If you get into a car accident, what do you replace the damaged parts

Will any old part do, or should you replace with Original Equipment Manufacturer (OEM) parts?

Does it matter?

And, more importantly, what does your insurance cover?

You may think you need to replace with original parts, but that's not always the case. Or the most economical. Here's what you should know:

Unless you're a car enthusiast, you won't notice a difference.

According to the Consumer Insurance Guide, OEM parts are essentially the same panels and parts used to originally build a vehicle, while third-party manufactured -- referred to as "aftermarket" -- parts are engineered copies based on the exact same design specifications. Auto enthusiasts argue that there’s no substitute for OEM parts in terms of fit and finish, while insurance companies tend to prefer use of aftermarket components as a cost-saving measure. You probably won't notice a difference.

Aftermarket parts save $$ for insurance companies -- and consumers!

To keep insurance premiums down, most companies write estimates using the most cost-effective (yet safe) solutions. As a result, an estimate may include using a mix of OEM or non-OEM parts, and is based on each claim, the vehicle, the availability, type and cost of parts. According to the National Association of Mutual Insurance Companies. aftermarket parts are 26-50% less expensive than OEM components -- and that savings gets passed on to consumers! In fact, aftermarket parts help insurance companies reduce auto insurance premiums by an estimated industry-wide $3.25 billion per year.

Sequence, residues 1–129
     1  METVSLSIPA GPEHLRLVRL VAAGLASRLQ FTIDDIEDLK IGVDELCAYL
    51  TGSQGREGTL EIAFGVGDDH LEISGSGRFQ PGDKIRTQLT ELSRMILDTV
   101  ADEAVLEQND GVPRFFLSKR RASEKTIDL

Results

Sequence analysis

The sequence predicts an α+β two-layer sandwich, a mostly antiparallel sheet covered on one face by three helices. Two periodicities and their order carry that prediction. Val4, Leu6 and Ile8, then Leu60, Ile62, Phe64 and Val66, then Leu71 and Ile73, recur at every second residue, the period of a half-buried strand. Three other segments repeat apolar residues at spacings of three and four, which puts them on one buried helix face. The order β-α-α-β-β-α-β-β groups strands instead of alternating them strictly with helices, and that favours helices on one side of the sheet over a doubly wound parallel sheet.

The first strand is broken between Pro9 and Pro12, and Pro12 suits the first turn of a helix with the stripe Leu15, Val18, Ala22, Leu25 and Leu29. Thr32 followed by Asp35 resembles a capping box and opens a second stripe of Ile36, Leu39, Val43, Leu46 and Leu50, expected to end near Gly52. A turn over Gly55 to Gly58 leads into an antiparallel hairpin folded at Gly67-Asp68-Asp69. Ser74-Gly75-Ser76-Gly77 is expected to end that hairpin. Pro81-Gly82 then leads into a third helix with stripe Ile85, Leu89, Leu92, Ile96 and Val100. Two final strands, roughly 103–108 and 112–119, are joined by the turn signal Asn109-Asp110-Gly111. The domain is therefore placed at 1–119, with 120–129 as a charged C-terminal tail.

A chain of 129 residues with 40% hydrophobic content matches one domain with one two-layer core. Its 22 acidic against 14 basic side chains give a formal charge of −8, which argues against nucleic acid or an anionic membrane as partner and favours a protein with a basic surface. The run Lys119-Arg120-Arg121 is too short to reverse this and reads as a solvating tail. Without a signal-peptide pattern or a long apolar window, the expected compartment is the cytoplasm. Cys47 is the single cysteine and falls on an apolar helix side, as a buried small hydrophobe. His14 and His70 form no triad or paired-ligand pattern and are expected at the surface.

Your car might have a mix of both (and that's fine)

Your repairs estimate will most likely state whether OEM or aftermarket parts are being used. According to the Insurance Information Institute (III), 39 states mandate repair estimates identify when aftermarket parts are being used, and 13 require an owner to give consent prior to their being installed. The III adds that the quality of aftermarket parts is generally just as good as OEM components -- plus most carry warranties that are often longer and are more widely available.

You'll pay for OEM parts

If a non-OEM part is indicated on an estimate but you'd prefer an OEM part to be used instead, you may have to pay the cost difference. To find out what your policy covers, call your agent today!

For more information and a brief video on OEM coverage, click over to Safeco.

Sources: Safeco, Safeco's original parts replacement coverage: what you need to know | Progressive, Car Insurance Myths |  Consumer Insurance Guide, Does your auto insurance policy specify original or aftermarket parts?

Photo credit: saiberiac.
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